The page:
You Have Too Many Servers and Here’s How to Consolidate: A Simplified Guide to Virtual Machines
August 2nd, 2017 by adminThe phrase “virtual machines” makes some people turn their brain off and stop paying attention. It may seem like an incredibly “techy” term and way too complicated of an idea to understand, but the truth is that virtual machines have the possibility of saving you up to 80% on your next server project. So here’s the simplified-anyone-can-understand analogy – it all comes down to over-full houses and apartment buildings.
Life before VM’sIt used to be that servers needed to be separate physical boxes. One box (or server) would be dedicated to file share, another box would have your Exchange email server, and on a third box you’d have your Active Directory server that controls usernames and passwords. As server hardware got more and more powerful, keeping all of those servers as separate, physical computers just didn’t make sense. For example, Active Directory servers didn’t really need 16GB of ram and a fast processor, they can get by just fine with 4GB of ram and a mediocre processor. To make more efficient use of the server hardware, there are two main options.
Option One – The Over-Full HouseThe first option is to install multiple roles on one server. For example, you’d combine your Active Directory, file share, an SQL server and numerous other roles onto one physical server. This reduces the number of physical servers needed (you only have one server instead of 3+) and makes better use of high-powered hardware. The main problem with this approach is that Windows tends to get unreliable and complicated when so many roles are all installed into the same copy of Windows. It’s like having 10+ people living in the same 3 bedroom house (and on a .1 acre lot to boot). It can work…but it gets messy. Take reboots for example. If one role is having an issue and needs to be restarted, you will have to reboot every role located on the same physical server. More of your employees are affected, downtime goes up significantly, and the whole situation turns into a mess. In essence, the more roles you pack into the same installation of windows, the more hassles you’ll have and the more you’ll see your IT guy (and not in the “I’m bringing a box of chocolates” good way).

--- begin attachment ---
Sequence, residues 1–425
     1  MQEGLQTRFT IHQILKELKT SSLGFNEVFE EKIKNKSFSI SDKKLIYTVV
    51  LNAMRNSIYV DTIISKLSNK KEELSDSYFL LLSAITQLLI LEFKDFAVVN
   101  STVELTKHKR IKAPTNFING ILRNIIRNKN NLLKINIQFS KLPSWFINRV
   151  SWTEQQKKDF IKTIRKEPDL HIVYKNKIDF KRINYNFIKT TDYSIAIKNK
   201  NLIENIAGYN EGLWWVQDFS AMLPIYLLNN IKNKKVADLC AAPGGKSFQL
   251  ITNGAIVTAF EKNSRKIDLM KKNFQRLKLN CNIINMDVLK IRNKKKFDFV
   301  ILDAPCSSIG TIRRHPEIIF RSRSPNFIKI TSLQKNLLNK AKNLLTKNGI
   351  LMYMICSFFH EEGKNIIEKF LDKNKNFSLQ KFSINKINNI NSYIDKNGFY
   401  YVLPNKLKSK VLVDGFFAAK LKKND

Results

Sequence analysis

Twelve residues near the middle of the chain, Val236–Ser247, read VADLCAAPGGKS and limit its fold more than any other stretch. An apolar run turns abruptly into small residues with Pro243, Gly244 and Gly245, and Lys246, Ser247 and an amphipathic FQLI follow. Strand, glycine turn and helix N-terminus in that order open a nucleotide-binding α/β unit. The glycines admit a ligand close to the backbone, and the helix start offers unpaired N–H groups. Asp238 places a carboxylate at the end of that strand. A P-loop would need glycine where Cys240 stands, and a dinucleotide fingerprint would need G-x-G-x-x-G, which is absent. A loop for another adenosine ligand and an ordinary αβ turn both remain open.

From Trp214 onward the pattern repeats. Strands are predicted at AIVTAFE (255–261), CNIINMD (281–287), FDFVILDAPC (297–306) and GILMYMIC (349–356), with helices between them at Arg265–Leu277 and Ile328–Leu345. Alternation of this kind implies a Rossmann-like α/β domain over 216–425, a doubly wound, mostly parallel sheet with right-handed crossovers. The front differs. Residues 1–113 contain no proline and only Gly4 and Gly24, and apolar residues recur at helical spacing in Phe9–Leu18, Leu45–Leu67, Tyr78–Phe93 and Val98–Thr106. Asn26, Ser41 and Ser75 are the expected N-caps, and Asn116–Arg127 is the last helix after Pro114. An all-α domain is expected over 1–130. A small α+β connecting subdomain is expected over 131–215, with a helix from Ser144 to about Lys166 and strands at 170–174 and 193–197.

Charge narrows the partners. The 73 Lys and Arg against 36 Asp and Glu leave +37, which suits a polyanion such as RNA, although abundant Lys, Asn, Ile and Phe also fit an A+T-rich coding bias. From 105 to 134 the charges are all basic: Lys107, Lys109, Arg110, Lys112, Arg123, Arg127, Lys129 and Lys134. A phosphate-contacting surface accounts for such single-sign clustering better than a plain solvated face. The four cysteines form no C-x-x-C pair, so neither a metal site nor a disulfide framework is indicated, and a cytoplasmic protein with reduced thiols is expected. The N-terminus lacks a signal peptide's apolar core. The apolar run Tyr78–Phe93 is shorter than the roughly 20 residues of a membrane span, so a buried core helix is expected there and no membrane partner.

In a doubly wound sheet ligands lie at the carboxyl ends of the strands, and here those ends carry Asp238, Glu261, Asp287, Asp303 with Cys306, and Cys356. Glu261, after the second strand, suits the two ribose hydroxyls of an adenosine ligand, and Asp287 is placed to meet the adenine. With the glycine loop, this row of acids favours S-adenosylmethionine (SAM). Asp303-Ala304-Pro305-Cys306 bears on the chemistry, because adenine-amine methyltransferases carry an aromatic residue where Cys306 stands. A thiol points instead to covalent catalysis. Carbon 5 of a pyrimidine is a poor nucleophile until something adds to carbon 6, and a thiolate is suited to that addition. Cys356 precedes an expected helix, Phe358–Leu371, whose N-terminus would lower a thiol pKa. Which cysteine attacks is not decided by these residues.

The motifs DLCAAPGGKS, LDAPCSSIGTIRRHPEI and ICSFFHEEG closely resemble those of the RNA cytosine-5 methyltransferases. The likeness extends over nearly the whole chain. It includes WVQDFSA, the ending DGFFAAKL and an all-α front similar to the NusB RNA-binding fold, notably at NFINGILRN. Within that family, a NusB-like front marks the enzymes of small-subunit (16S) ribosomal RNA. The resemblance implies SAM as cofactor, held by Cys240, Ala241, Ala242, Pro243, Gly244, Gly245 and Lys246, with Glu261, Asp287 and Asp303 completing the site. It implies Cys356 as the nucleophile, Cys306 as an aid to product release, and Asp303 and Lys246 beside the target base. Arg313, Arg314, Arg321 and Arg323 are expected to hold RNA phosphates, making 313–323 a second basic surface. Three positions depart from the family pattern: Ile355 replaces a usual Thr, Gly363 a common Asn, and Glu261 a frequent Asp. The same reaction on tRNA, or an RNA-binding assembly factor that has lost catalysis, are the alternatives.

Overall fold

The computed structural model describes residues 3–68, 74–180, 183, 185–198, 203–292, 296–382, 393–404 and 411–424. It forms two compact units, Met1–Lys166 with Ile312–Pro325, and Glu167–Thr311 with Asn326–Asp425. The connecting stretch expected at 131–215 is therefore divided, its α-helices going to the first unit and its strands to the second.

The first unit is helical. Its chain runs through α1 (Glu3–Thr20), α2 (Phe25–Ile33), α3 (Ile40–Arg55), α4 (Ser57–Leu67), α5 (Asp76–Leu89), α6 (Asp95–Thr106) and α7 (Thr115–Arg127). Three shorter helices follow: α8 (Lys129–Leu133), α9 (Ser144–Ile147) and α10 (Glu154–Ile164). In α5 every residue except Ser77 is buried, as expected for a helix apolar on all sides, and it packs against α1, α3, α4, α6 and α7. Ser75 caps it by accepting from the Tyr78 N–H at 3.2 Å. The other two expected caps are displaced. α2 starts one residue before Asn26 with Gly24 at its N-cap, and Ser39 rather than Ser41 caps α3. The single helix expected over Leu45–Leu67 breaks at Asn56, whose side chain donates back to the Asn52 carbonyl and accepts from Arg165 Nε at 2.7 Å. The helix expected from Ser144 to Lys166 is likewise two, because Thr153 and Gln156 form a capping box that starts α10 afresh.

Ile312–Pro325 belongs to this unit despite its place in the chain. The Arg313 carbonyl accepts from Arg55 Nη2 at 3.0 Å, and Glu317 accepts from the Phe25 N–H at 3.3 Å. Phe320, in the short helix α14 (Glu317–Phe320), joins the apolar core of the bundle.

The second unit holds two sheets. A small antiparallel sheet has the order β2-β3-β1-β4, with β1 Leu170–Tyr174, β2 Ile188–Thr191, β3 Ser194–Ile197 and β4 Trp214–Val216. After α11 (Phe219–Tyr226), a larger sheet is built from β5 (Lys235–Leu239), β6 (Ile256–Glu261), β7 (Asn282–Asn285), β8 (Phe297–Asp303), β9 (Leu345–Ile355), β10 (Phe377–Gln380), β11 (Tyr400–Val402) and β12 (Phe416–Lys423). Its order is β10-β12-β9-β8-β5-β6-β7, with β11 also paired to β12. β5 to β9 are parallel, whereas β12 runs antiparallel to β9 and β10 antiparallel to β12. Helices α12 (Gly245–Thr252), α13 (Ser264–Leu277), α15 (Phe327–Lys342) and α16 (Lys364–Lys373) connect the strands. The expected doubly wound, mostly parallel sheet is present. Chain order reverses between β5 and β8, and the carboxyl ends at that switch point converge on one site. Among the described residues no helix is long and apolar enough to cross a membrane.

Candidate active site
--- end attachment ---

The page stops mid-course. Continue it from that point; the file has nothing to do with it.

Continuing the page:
Option Two – The Apartment BuildingThe second approach is to use multiple virtual machines (VMs) on one powerful physical server. Virtual machines are individual installations of Windows that all share common hardware, the physical server. Each virtual machine gets its own copy of Windows and only runs one role. There’s one VM for a file share, one VM for the Exchange server, one VM for the Active Directory server, etc. This option is more like an apartment building. Each role gets its own apartment and when one apartment has issues (like running out of hard drive space or needing to be rebooted), the rest of the tenants aren’t affected. The only time all of the apartments are affected is if the physical server needs to be rebooted (this would be like having to replace the breaker box for the apartment). This second approach not only reduces the amount of hardware needed (you still only have one server instead of 3+), but also allows Windows to run more effectively because each VM only has to manage one function. This is the option that many companies have moved to as VM technology has improved significantly over the past 3-6 years.
Life with VM’sLife with virtual machines is a life that saves you money and keeps support simple. You may have to cough up a couple dollars for extra versions of Windows software but the following benefits are worth the cost 100 times over:
- You are still saving bank on hardware by having multiple roles on one physical server.
- Your servers will be more reliable because reboots and maintenance are way easier to perform. You can reboot one individual virtual machine without having to mess with all the others. This keeps your uptime up, employees happy, and your technology healthy.
- Virtual Machines allow for way faster disaster recovery times via replication. A simple recovery could take 1-5 minutes instead of 5-48 hours if you are using a server without virtual machines. Let’s just say VM’s makes a BIG difference.
Posted in: Tech Tips